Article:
In fact, GM is now making and selling more cars in China than it does in the United States. “China is playing a key role in the company’s strategy,” says GM’s CEO Mary Barra.

Even as Trump has escalated his trade war with China, GM has invested in state-of-the-art electrification, autonomous vehicles and ride-sharing technologies there.

Which brings us to a third fallacy behind Trump's "America first" economic nationalism. Trump accuses China of stealing technology from American businesses, but big American corporations like GM are eager to invest in China notwithstanding. Their Chinese investments still generate huge profits.

In shareholder-first global capitalism, technology doesn’t belong to any nation. It goes wherever the profits are. If a particular technology is vital to American national security, the U.S. government could stop American corporations from doing business in China—just as it does, in effect, when it blocks Chinese companies from acquiring American components if the purchase poses a national security threat.

“Making America great again” has nothing to do with making American corporations great again. Big American-based corporations are doing wonderfully well, as are their shareholders.

The real challenge is to make American workers great again. They don’t just need any job. They need good jobs, akin to those that GM’s unionized workers had a half-century ago. Most Americans haven't had a raise in decades, considering inflation.

The difference between China and America is that big Chinese companies are either state-owned or dependent on capital from government-run financial institutions. This means they exist to advance China’s national interests, including more and better jobs for the Chinese people.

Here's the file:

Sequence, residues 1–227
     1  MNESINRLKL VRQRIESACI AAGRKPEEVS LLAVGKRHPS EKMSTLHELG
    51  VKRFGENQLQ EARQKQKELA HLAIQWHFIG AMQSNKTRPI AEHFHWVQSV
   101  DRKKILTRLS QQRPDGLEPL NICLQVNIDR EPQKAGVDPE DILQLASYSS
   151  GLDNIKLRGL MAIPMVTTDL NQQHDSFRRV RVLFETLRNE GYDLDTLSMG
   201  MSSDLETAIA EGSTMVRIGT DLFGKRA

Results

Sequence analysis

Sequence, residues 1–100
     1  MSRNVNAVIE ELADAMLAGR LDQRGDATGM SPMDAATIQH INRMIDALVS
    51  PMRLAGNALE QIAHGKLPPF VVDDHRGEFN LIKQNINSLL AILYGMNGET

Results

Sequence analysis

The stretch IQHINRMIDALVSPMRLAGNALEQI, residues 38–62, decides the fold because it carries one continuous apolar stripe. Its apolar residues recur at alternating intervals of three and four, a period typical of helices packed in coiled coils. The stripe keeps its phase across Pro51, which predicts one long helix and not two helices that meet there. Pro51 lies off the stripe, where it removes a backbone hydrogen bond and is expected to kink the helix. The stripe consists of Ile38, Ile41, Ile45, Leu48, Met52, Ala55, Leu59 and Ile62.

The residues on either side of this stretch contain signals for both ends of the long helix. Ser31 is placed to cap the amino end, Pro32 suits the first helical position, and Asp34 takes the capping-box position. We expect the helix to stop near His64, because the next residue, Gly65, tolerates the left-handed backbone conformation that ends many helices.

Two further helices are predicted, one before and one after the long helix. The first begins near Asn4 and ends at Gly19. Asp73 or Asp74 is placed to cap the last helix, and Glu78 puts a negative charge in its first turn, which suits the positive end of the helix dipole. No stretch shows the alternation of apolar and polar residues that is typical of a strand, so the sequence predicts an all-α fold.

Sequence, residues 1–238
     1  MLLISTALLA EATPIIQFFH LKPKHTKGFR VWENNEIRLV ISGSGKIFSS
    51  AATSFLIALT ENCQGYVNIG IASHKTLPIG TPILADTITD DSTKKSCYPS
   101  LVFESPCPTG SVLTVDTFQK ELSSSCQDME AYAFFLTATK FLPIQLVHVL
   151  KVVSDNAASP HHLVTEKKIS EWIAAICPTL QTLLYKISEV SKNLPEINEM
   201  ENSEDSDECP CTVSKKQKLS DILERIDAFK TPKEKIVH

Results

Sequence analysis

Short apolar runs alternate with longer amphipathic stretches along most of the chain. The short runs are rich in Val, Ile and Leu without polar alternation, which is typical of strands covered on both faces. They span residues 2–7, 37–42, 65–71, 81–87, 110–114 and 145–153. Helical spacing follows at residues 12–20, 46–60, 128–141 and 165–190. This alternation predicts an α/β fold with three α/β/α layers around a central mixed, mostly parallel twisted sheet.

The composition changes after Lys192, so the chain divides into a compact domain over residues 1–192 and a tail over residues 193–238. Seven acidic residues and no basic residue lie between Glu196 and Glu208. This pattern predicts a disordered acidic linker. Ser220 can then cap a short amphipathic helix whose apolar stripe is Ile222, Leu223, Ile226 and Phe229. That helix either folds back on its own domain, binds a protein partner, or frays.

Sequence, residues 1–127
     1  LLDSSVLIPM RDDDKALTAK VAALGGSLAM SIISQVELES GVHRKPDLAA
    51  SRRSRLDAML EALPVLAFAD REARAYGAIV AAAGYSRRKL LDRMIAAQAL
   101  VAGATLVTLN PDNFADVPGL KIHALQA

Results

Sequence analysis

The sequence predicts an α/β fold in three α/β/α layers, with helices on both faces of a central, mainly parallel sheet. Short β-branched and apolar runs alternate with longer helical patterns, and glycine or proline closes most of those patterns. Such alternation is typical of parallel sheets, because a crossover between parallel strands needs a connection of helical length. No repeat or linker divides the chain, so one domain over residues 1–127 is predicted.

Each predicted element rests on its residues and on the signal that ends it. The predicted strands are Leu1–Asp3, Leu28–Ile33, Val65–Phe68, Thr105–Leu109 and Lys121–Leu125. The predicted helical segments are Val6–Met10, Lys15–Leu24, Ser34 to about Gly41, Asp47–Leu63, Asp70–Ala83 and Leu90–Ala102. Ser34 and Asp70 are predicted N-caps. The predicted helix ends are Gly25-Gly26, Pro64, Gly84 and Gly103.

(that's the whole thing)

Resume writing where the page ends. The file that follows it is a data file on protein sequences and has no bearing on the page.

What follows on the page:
American corporations exist to advance the interests of their shareholders, who aren’t prepared to sacrifice profits for more and better jobs for Americans.

Even if it were aimed at the right things, Trump’s “America first” economic nationalism wouldn't stand a chance in the land of shareholder-first global capitalism. If he were serious about his aims—a highly dubious condition—he’d do better trying to reduce the choke-hold of Wall Street investors on American corporations while strengthening the hand of American labor unions.

Robert Reich is the chancellor’s professor of public policy at the University of California, Berkeley, and a senior fellow at the Blum Center for Developing Economies. He served as secretary of labor in the Clinton administration, and Time magazine named him one of the 10 most effective Cabinet secretaries of the 20th century. He has written 14 books, including the best-sellers AftershockThe Work of Nations and Beyond Outrage and, most recently, Saving Capitalism. He is also a founding editor of The American Prospect magazine, chairman of Common Cause, a member of the American Academy of Arts and Sciences and co-creator of the award-winning documentary Inequality for All. His latest documentary, Saving Capitalism, is streaming on Netflix. Reich 's new book, The Common Good, is available now.

The views expressed in this article are the author's own.​​​​​